Why six months? Because with any luck, the thing should run in the black by then, assuming I can put 15 to 20 bookoids online each month. Apparently critical mass is achieved at about 100 publications. That would be 17 squibs a month.
I’ve written two, each taking about a week or ten days to prepare. However, during that time I’ve also had to do with a new, painful, & temporarily debilitating surgery at the same time my summer course draws to an end — significant distractions, we might say. Also both of the new bookoids are longer and more sophisticated than necessary. If I wrote two books/month that were what I would naturally write when confronted with a keyboard and a screen and filled in with eight- to ten-page quickies (heh!), I could probably crank six or eight a month myself and hire out the rest. Assuming I can find enough people to write nine or ten in a given month.
So I calculated the minimum and the maximum operating costs I think will be necessary to run the new publishing imprint for six months, assuming it does indeed generate enough copy to produce 100 novelettes and free-standing short stories over that time.
Making another assumption — that I can learn to format these things for Kindle and Nook myself — the major costs are editorial (i.e., hiring writers), cover design, stock art, hosting fees, and back-end website management. Over six months, these will range from a minimum of $5,085 to a maximum of $7,850.
I propose to capitalize the new business with funds in the S-corporation. These figures represent about half to three-quarters of the S-corp’s liquid assets. And of course they don’t account for any unpleasant little surprises, like this handy-dandy MacBook Pro self-destructing….
True, The Copyeditor’s Desk will continue to bring in some money. We still have several editorial clients, two of whom pay a decent rate. But in a good year the editorial biz only nets about 10 grand. This has not been a good year, so far. Nor am I any more enthusiastic about taking on new editing clients than I am about ever having to teach another section of freshman comp…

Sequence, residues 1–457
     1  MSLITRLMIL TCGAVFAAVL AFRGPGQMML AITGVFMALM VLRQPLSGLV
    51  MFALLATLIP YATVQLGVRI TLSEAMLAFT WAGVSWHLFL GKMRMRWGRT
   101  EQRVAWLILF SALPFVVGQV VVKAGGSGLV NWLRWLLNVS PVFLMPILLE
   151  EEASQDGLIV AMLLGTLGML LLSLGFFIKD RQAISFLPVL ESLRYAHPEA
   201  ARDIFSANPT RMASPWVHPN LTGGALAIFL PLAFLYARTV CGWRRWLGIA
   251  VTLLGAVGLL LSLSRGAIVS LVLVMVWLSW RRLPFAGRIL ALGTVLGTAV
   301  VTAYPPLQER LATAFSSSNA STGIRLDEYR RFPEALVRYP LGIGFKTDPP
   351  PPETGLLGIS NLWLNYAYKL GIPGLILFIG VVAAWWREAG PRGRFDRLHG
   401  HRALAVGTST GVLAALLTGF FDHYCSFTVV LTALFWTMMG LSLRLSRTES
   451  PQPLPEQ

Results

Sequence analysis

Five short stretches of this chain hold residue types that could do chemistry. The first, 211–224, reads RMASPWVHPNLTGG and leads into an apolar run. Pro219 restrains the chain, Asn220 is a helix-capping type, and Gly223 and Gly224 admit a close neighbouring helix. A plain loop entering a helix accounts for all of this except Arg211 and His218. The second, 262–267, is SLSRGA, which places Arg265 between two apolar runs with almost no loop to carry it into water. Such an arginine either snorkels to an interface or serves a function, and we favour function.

But oh, my! This morning I sat down to begin drafting the proposal for the Boob Book, preparatory to sending out my pitch to publishers who might actually pay me an advance — which, should any such thing come to pass, would also help to capitalize the nascent porn business. And the thought wafted into my mind:
How incredible would it BE if all I did, every day, is write?
What if once again, after all these years, I were a writer and ONLY a writer?
But then of course the sane voice whispers, “Are you kidding? Have you even considered the opportunity cost of spending all your time writing when you could be earning actual dollars teaching dunderheads online?”
The question is, which endeavor really represents the opportunity cost: the writing or the teaching? If scribbling steamy novelettes really can generate more than $1,120 a month, then teaching is the culprit here, because it would take away from the total potential earnings.
But if I can’t make that much, then spending my time writing instead of teaching is going to cost me $1,120, every month from now until I shuffle off this mortal coil.
It’s a big risk. Very big. I could lose my shirt.
Is it worth it?
Well. I’m not fond of teaching. In fact, I would go so far as to say I hate it. And I’m very, very tired of editing arcane academic works. I would go so far as to say I hate that, too.
I like to write. I’m good at it. And any day I’d rather spend eight to ten hours writing in pursuit of the almighty dollar than teaching or editing for part-time hire.
Yeah. Say I’m crazy, but I think it is worth it.